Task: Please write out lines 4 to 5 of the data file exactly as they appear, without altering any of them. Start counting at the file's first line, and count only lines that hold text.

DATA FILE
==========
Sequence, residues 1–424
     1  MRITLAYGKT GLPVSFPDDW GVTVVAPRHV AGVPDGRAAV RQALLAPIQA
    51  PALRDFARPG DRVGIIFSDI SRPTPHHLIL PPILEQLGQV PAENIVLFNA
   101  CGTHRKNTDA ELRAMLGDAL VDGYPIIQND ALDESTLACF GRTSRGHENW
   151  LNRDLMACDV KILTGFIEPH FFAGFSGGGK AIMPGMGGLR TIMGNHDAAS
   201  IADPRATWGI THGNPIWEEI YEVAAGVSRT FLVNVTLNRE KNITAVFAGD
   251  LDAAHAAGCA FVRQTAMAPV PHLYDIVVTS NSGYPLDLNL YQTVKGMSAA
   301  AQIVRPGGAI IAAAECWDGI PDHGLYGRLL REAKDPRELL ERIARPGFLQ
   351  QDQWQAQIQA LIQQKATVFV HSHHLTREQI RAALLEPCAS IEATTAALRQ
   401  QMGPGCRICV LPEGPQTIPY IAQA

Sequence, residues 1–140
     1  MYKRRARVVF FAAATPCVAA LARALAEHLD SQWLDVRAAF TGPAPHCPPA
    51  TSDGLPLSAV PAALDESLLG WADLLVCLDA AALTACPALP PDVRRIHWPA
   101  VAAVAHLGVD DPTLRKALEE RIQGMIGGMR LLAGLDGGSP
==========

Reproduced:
   101  CGTHRKNTDA ELRAMLGDAL VDGYPIIQND ALDESTLACF GRTSRGHENW
   151  LNRDLMACDV KILTGFIEPH FFAGFSGGGK AIMPGMGGLR TIMGNHDAAS